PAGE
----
I’m a patron of the postal system. Yup, it’s true. Even in this world of ‘e’ everything, nothing beats mail. The act of sending and receiving something, the anticipation, the cute little stamps – I love it all. It’s like Christmas morning every time the mail carrier arrives. True, the mail isn’t delivered right to my door, but checking our postal box is just as fun. Even more exciting is sometimes finding a box sitting on my front door! Many times, however, there is disappointment – ‘nothing good in the mail today, dear’ – but then I always rev-up my excitement for next time.
Except, of course, when receiving a bill in the mail – now that’s no fun.
And I am actually disappointed when someone tells me to send something electronically. Yes, it is cheaper and responses are quicker, but what fun is there to be had by not buying a stamp?
Aside from my addiction to sending and receiving mail, I recently realized that my patronage for all things postal ran deeper than I thought.
One day while waiting in line at the post office, I saw it - a shiny catalogue of newly designed stamps and coins currently for sale. Historical themes from everything to ’The Princess of Wales’ Own Regiment’ to ‘The War of 1812’ were gracing the pages. Then to add to my interest were sets titled ‘Adopt a Pet,’ ‘Chinatown Gates,’ ‘Motorcycles’ and fittingly, given my new-found interest, ‘250 years of Postal History.’
And that tingly feeling resurfaced from too many years ago. I had a need to collect and save.
When I was a kid, my cousin and I were big on the stamp collecting front – right up there with sticker collecting. True, we weren’t ‘professionals,’ steaming and soaking with tweezers in hand, but we loved saving stamps from near and far. For Christmas my Aunt gave me my OWN stamp album – a book fashioned with little pockets to store the treasured stamps. It filled pretty quickly because as word spread through my family I was collecting stamps. Every aunt, uncle and grandmother was sending me stamps torn from envelopes. I was a PROFESSIONAL.
And the bug never left me. Over the years, I would sometimes save a cool-looking stamp as I found one, and those who knew me would bring me stamps from their travels afar, and I would save them all. But I didn’t consider myself a ‘stamp collector.’ I would save them in a drawer, my nightstand or even my jewelry box. True stamp collectors everywhere are likely cringing at my less-than stellar preservation techniques, but this is what I did. As a mother of two boys – who over the years I desperately tried to get them on the hobby and without success – I didn’t have time to be a ‘true’ stamp collector.
Yes, I could have put them in a book, but I thought collecting was for...‘other’ people, not me. People who knew this history and worth of many stamps, never mind the proper-preservation of the tiny little squares. People who had time and patience to learn about each one.
Flipping through the catalogue, I was inspired, intrigued and suddenly itching to get my hands on a few - but not to use, of course, despite my postal system patronage. And I realized right then, I had to get an album, just like I had as a kid. It would be a relatively cheap hobby, and really, how hard COULD it be to throw a few stamps in a book? Waiting for new stamp designs to come on the market would give me a kick – just like waiting for the mail to arrive. I could put all the ones I had saved over the years in the book, and heck, if anything, they might be worth something to my kids one day.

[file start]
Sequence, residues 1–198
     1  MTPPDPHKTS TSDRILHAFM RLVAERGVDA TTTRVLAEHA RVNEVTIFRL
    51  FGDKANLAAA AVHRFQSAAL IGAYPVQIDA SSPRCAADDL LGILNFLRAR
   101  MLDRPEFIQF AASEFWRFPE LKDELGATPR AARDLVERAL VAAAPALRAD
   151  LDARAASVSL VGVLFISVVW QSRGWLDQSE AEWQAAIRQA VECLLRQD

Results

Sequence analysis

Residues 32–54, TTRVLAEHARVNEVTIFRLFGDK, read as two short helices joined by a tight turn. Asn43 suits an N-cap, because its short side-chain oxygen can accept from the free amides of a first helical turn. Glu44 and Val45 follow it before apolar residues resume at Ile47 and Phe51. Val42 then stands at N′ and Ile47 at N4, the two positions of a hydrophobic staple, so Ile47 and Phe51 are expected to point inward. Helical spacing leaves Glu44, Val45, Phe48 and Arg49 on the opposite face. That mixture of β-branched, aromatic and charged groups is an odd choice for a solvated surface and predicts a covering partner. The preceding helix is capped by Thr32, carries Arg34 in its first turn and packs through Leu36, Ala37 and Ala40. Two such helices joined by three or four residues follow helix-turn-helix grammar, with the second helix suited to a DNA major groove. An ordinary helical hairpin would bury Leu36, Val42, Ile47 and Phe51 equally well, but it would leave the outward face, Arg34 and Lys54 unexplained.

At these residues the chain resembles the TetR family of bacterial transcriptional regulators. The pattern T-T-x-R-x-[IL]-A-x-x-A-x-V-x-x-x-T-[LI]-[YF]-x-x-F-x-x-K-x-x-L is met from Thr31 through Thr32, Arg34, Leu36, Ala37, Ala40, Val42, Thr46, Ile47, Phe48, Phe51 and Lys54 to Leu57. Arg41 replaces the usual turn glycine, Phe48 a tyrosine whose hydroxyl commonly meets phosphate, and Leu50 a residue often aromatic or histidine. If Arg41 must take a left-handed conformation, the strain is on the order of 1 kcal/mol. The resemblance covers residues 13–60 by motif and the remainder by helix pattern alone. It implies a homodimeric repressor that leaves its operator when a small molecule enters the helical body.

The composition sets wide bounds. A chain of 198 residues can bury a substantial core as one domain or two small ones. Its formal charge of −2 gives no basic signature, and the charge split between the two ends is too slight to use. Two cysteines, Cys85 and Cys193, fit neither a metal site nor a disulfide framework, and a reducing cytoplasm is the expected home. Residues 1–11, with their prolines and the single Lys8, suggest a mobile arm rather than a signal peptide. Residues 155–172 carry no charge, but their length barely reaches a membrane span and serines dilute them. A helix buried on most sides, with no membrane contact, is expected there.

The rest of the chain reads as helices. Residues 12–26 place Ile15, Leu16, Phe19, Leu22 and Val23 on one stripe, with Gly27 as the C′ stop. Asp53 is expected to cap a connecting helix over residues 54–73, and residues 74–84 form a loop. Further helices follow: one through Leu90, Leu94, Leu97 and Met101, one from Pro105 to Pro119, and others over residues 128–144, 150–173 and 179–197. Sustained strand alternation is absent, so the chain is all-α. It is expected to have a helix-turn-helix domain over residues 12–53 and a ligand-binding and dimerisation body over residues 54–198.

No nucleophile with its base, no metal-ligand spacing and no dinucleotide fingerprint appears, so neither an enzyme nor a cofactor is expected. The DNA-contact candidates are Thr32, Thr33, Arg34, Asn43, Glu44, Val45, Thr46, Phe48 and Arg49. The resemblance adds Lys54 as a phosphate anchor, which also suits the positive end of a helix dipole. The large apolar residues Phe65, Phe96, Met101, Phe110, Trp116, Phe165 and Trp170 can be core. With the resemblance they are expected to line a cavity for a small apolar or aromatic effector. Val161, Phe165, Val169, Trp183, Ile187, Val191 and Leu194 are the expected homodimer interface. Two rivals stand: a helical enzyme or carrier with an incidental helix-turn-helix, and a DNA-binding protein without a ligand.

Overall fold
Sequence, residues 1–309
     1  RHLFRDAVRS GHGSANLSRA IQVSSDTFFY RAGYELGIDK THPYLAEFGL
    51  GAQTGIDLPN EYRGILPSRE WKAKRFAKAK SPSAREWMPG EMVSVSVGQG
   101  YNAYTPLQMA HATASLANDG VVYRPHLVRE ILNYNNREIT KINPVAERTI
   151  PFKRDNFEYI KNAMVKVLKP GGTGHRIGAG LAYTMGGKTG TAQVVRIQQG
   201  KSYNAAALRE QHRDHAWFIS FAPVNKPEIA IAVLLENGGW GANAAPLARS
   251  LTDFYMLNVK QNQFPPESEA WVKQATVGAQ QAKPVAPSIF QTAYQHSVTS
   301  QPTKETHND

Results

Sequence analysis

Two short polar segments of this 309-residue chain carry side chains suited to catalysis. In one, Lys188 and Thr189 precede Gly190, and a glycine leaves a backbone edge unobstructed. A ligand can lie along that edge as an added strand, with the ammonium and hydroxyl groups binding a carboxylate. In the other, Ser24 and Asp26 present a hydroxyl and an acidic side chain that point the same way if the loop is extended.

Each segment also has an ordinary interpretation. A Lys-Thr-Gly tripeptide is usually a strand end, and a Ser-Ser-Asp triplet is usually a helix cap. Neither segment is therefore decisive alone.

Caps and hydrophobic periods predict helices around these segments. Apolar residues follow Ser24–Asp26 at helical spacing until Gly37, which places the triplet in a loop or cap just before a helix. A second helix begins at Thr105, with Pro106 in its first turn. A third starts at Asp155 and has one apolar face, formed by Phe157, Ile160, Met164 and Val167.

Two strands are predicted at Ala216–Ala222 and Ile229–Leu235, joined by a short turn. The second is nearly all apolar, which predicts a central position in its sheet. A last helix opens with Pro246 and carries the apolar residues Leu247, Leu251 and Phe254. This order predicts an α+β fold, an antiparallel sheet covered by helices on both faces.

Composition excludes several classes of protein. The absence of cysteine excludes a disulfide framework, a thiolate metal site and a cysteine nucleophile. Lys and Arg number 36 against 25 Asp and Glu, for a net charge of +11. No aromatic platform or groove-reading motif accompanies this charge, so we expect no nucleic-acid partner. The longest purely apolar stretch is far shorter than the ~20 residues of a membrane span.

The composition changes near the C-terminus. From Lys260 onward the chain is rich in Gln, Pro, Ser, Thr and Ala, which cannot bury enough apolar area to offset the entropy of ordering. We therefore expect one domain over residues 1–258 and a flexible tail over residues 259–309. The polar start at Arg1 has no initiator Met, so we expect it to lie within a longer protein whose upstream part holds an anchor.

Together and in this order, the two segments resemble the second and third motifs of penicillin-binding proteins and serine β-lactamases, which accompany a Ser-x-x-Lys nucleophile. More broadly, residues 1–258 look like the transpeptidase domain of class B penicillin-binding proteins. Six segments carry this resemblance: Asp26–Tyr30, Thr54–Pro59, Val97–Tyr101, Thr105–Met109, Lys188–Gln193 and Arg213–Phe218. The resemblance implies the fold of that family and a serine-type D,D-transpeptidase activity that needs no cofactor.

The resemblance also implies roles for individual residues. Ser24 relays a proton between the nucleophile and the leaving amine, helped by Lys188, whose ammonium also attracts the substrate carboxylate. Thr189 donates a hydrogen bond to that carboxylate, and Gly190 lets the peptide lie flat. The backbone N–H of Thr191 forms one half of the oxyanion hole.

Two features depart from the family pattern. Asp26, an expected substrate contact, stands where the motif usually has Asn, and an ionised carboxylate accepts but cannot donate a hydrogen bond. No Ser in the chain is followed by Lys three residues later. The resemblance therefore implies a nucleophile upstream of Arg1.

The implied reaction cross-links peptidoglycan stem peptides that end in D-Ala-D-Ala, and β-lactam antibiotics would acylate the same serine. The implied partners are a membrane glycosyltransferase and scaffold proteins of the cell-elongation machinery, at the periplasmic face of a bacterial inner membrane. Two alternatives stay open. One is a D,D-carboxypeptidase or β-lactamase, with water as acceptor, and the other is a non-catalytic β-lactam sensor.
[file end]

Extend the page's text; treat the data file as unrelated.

So, on a Friday I finally got myself a brand new stamp album. Outside the main post office downtown, I flipped through the pages bearing little pockets in which to slide in my precious stamps. I couldn’t wait to get it home and start filling the pages. The day I picked up the catalogue, I had purchased two sets – just to start my new-found hobby on the right foot. I had saved them for when I could get an album, and I was itching to get home to those freshly minted stamps, and start scouring around my drawers, nightstands and jewelry boxes for stamps lovingly saved.
And I did insert my new stamps that night. I couldn’t wait to get it all together and show my kids, and maybe inspire them to get started. I re-traced my steps in my memory of where in the house I had ‘preserved’ all these stamps. I had to find them, and I had all weekend to do it! I could do it! How much time could it take to just find the stamps and slide them in the album?
But I should have known better. A busy mom whose weekends are often a blur with errands, kid duties, and preparing for the coming school/work week has no time for the quiet, slow hobby of stamp collecting. Despite my best efforts, I never got a chance to race around my house finding all the stamps I had saved. Next thing I knew Sunday night snuck up and my shoulders slumped like a soggy stamp. I never got around to finding all my stamps.
But, I brightened as I consoled myself, at LEAST I had a new book in which to save the precious little gems. All the stamps in the world weren’t going to magically disappear if I didn’t fill my book that weekend, and the ones stashed around my house weren’t going anywhere, either. There would be other times. Yes, my life is too busy for many things, but I took my re-entry to the stamp collecting world as another sign to slow down. Stopping to slide in a fresh, un-used stamp would take barely a few minutes. I could do that.
So my album sits on the shelf, waiting for my return. The stamps are stashed around the house, waiting for me to find them. The mail carrier is gearing up for the day, readying him/herself to bring me (hopefully) good mail – with hopefully good stamps. And in the end, am helping support and preserve the postal system that the ‘e’ world is threatening to extinct.
I am glad I started - I wonder if the mail will bring me the time I need?